About Bo Adams

Learner. Husband. Dad. Chief Learning and Innovation Officer at Mount Vernon Presbyterian School in Atlanta, GA. Have worked in transformation design, educational innovation, and school leadership for 20+ years.

School 3.0: Partnering for Mutual Learning and Problem Solving – CDC and MVPS

For awhile, I’ve used the term “School 3.0.” When I do, a number of people ask me what I mean by that.

School 1.0: the “traditional” or industrial-age model of school where information transfer from teacher to student is the dominant and defining characteristic. Verbs such as “deliver” and “cover” are used a lot. The currency is grades on a 100-pt scale (in recent half century).

School 2.0: the “21st century movement” in schooling where some number of “Cs” dominate the conversation (communication, collaboration, creative thinking, etc.); information exchanges in two directions and phrases such as “student-centered” are heard frequently. Technology enables some pull-based education. School works to model more of how the world learns outside of school. The currency of school 2.0 leans much more towards learning, and SBG is at least practiced by several progressive thinkers, if not the entire faculty.

School 3.0: the next wave (hopefully) of school transformation. Learning is deeply contextual and relevant. PBL (with a capital P) dominates the mode of work as “schools” (placed-based collections of teacher-learners, student-learners, and parent-learners — more like schools of fish than mere school buildings) are partnered with community organizations, civic leadership, and for-profit and not-for-profit business to address real-world challenges and opportunities. Shifts thinking about school as merely “preparation” for something later and recognizes that people of all ages learn by doing and desire to be positive forces of change in their worlds. The currency is the stuff that matters — the challenges and opportunities for social and capitalistic improvement, betterment, and innovation.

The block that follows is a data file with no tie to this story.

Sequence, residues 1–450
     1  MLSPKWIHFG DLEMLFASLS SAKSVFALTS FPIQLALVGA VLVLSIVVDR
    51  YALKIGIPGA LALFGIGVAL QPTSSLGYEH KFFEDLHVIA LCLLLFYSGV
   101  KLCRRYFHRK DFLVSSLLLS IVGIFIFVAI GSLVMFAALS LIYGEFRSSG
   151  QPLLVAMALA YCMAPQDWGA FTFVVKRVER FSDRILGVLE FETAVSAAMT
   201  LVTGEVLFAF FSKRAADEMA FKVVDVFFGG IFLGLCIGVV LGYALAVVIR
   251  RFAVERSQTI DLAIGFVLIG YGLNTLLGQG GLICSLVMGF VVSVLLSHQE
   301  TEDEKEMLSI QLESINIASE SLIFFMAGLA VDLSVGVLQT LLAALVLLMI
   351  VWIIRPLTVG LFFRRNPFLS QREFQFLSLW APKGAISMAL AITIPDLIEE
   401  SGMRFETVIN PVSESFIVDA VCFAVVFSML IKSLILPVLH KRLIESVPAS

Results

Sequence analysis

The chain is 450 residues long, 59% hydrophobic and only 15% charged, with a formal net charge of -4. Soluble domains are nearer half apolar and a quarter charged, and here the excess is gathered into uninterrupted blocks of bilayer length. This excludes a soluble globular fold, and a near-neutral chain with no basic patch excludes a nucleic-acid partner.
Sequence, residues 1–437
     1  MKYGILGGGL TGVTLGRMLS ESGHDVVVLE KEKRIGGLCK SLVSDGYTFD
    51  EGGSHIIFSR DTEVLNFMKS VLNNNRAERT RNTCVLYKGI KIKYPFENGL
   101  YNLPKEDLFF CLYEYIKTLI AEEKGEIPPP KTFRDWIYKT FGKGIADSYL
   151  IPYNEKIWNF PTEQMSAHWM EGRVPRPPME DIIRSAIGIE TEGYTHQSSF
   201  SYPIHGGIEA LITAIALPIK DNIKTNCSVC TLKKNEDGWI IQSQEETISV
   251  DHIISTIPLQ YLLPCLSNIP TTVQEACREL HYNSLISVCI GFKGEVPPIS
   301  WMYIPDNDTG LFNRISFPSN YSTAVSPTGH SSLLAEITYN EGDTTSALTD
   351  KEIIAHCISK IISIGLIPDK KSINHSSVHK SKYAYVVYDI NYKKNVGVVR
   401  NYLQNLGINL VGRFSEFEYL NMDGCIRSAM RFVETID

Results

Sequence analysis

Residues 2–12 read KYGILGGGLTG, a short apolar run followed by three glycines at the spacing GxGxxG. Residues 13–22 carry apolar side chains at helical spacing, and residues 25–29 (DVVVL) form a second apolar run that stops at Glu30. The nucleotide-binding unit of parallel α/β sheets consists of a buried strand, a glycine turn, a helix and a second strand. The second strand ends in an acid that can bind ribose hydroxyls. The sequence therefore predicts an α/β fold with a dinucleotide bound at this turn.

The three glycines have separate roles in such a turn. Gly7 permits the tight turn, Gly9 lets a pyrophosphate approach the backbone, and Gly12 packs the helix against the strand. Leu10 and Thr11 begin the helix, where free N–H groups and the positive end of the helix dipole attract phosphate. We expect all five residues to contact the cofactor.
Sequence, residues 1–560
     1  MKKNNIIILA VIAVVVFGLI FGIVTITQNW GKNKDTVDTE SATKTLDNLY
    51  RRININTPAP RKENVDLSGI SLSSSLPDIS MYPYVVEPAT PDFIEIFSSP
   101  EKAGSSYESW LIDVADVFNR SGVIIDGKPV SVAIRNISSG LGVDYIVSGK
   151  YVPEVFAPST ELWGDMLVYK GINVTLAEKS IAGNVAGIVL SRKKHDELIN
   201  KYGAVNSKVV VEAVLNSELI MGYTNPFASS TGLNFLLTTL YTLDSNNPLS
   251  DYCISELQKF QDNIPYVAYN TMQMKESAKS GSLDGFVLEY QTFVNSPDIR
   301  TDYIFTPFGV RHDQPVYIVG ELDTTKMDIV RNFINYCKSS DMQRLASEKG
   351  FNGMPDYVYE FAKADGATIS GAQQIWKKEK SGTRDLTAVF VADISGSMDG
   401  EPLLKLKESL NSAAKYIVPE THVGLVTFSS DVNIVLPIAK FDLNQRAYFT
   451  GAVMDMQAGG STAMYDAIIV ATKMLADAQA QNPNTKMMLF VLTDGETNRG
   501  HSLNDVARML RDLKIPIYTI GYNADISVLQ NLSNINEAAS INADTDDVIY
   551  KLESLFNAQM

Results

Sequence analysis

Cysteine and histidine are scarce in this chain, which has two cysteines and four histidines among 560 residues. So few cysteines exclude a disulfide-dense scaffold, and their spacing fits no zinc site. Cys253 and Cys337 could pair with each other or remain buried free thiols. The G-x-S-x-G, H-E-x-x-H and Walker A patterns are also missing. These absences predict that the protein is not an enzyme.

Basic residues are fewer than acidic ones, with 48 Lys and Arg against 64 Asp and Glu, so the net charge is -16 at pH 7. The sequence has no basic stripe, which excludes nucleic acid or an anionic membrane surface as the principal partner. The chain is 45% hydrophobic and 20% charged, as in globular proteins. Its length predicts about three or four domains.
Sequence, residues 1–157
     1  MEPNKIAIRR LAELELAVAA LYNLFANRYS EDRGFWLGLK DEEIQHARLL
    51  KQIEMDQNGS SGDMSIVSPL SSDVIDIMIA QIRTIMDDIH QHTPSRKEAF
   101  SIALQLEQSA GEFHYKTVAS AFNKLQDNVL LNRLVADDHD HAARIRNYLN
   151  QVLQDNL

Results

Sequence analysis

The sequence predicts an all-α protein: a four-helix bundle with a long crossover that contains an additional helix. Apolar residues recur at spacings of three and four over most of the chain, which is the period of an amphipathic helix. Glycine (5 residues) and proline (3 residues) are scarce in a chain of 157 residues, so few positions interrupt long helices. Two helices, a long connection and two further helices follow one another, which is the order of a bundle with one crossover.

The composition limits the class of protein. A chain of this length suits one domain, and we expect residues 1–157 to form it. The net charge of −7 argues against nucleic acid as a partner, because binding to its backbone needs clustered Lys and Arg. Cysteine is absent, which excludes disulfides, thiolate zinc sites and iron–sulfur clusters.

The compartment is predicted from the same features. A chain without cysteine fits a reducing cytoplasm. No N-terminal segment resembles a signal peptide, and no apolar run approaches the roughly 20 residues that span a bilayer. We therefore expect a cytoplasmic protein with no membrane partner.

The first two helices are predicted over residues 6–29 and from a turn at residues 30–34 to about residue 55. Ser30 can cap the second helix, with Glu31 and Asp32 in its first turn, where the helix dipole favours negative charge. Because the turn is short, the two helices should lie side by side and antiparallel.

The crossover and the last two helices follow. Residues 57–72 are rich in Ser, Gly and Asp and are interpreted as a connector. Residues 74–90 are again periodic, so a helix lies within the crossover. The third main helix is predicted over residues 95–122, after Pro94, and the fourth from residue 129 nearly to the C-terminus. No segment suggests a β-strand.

Well, on Friday, August 22, 2014, I spent a full day in School 3.0

Mary Cantwell (@scitechyedu) was invited as the Director of the Center for Design Thinking at The Mount Vernon Institute for Innovation to facilitate two half-days of professional learning and implementation of design thinking with Atlanta’s Centers for Disease Control and Prevention. Particularly, Cantwell was asked to work with the CDC’s National Center on Birth Defects and Developmental Disabilities (@CDC_NCBDDD) through the Open Idea Lab.

Additionally, Mount Vernon’s Inaugural Innovation Diploma Cohort was also invited to co-facilitate and participate in the partnership to address three SHI (Strategic Health Initiatives): 1) pregnancy and safe Rx drug use, 2) ADHD overmedication versus behavior therapy, and 3) blood clotting. Director of the iDiploma Meghan Cureton (@MeghanCureton) and I collaborated with the twelve student learners (freshmen, sophomores, and juniors at #MVUpper) in the cohort. Also, colleagues James Campbell (@theRealJamCam) and T.J. Edwards (@TJEdwards62) rounded out the team of educators and agents of @MVIFI.